the Pocola Mining Company, which leased the land on which Spiro Mound 
is located. The company removed human remains and artifacts from the 
site between 1933 and 1935. The human remains--three skulls--entered 
the University of Arkansas Museum collections in 1937. No known 
individuals were identified. The one associated funerary object is a 
fragmented copper band that had been placed around the head of one of 
the individuals.
    Spiro Mound is believed to have been occupied for at least 550 
years. Evidence of a Woodland period occupation of the site may be 
related to the Fourche Maline phase of that period. James A. Brown 
divides the Mississippi period occupation of Spiro Mound into four 
phases, beginning around A.D. 900 and ending around A.D. 1450: The 
Evans Phase, which dated from A.D. 900-1050; the Harlan Phase, which 
dated from A.D. 1050 to A.D. 1100-1250; the Norman Phase, dating 
between A.D 1250 and 1350; and the Spiro Phase, which lasted until 
1450. The human remains and copper band from the Pocola mining company 
excavations of the 1930s likely came from Craig mound. This mound was 
initially built in the Harlan phase (A.D. 1050-1250), but saw its most 
intense use as a ceremonial and burial site in the Norman and Spiro 
phases (A.D. 1250-1450). It is believed by many archeologists that the 
Caddo and Wichita were both culturally descended from the peoples who 
used the Spiro Mound site. Spiro is located within an area 
archeologically and ethnographically considered to have been occupied 
by a group ancestral to both the Caddo and Wichita. Based upon 
geographical, archeological, and historical evidence, and expert 
opinion, the University of Arkansas Museum Collections reasonably 
believes the Caddo and Wichita are culturally affiliated with the human 
remains described here. The present-day descendants of the Caddo are 
members of the Caddo Nation of Oklahoma and the present-day descendants 
of the Wichita are members of the Wichita and Affiliated Tribes, 
Oklahoma.

Determinations Made by the University of Arkansas Museum Collections

    Officials of the University of Arkansas Museum collections have 
determined that:
     Pursuant to 25 U.S.C. 3001(9), the human remains described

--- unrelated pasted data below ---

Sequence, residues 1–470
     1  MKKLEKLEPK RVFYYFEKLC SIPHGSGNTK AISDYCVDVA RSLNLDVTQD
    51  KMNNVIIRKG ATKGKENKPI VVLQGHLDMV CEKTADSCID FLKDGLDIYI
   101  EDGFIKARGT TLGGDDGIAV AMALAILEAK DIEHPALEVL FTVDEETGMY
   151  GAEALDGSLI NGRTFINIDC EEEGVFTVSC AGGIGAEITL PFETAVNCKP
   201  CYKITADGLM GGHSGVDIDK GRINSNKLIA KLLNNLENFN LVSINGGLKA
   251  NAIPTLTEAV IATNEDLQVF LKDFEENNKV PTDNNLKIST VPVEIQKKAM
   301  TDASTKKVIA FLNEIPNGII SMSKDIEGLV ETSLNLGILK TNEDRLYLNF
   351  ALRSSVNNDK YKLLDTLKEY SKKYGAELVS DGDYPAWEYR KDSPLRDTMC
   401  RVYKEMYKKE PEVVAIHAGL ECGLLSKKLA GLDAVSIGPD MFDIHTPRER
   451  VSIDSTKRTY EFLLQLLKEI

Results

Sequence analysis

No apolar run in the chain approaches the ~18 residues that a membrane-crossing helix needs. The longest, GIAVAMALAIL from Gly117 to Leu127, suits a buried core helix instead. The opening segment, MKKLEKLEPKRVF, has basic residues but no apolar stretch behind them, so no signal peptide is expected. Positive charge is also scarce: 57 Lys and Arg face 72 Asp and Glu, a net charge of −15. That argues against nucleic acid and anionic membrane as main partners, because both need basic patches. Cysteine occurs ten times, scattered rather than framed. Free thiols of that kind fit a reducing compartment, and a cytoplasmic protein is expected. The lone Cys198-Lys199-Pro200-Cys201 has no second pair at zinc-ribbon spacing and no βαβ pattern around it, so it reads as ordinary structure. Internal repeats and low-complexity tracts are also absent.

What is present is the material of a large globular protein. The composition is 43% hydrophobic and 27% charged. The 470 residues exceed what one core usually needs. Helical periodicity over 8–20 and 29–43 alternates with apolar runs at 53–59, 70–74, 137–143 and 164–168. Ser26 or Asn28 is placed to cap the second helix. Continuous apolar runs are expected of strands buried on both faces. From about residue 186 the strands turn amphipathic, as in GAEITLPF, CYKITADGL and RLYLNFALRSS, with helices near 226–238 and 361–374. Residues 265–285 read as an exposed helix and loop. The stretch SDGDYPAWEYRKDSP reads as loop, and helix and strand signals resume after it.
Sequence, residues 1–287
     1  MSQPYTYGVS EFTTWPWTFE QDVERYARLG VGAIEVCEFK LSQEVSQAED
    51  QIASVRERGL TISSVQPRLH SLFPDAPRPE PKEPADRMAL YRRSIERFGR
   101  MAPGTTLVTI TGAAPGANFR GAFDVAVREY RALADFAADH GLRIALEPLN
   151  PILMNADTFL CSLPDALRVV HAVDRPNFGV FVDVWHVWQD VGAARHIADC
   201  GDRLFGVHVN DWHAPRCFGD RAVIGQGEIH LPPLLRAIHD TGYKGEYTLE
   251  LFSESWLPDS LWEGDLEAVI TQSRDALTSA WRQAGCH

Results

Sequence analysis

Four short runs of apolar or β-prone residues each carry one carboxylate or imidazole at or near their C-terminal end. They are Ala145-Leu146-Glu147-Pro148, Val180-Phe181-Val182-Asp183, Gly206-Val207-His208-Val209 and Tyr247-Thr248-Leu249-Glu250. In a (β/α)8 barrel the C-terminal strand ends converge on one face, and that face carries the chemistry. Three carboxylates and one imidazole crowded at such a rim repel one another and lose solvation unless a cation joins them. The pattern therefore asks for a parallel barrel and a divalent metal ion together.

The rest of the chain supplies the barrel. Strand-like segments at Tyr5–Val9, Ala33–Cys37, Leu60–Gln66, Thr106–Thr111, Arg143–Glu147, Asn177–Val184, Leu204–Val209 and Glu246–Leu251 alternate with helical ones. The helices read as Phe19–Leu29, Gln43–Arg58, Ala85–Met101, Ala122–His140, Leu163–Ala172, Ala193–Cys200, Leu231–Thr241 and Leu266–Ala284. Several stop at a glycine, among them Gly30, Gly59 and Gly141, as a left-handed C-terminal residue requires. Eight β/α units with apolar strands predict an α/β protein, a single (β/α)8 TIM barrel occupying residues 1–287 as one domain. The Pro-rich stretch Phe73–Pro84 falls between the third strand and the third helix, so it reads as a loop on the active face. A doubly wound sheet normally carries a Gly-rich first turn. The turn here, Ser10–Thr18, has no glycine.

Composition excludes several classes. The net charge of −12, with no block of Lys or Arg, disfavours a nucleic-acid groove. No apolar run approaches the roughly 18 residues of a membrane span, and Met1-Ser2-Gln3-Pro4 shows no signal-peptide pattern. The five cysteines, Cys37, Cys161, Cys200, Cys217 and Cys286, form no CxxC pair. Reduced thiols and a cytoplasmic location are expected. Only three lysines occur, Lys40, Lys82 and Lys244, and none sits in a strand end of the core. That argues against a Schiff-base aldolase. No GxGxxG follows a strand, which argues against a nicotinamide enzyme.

in this notice represent the physical remains of three individuals of 
Native American ancestry.
     Pursuant to 25 U.S.C. 3001(3)(A), the one object described 
in this notice is reasonably believed to have been placed with or near 
individual human remains at the time of death or later as part of the 
death rite or ceremony.
     Pursuant to 25 U.S.C. 3001(2), there is a relationship of 
shared group identity that can be reasonably traced between the Native 
American human remains and associated funerary objects and the Caddo 
Nation of Oklahoma and the Wichita and Affiliated Tribes (Wichita, 
Keechi, Waco & Tawakonie), Oklahoma.

[[Page 28267]]

Additional Requestors and Disposition

    Lineal descendants or representatives of any Indian Tribe or Native 
Hawaiian organization not identified in this notice that wish to 
request transfer of control of these human remains and associated 
funerary objects should submit a written request with information in 
support of the request to Mary Suter, University of Arkansas Museum 
Collections, Biomass Building 125, 2435 North Hatch Avenue, 
Fayetteville, AR 72704, telephone (479) 575-3456, email 
[email protected], by July 18, 2018. After that date, if no additional 
requestors have come forward, transfer of control of the human remains 
and associated funerary objects to the Caddo Nation of Oklahoma and the 
Wichita and Affiliated Tribes (Wichita, Keechi, Waco & Tawakonie), 
Oklahoma may proceed.
    The University of Arkansas Museum Collections is responsible for 
notifying the Caddo Nation of Oklahoma and the Wichita and Affiliated 
Tribes (Wichita, Keechi, Waco & Tawakonie), Oklahoma that this notice 
has been published.

    Dated: May 9, 2018.
Melanie O'Brien,
Manager, National NAGPRA Program.
[FR Doc. 2018-13040 Filed 6-15-18; 8:45 am]
BILLING CODE 4312-52-P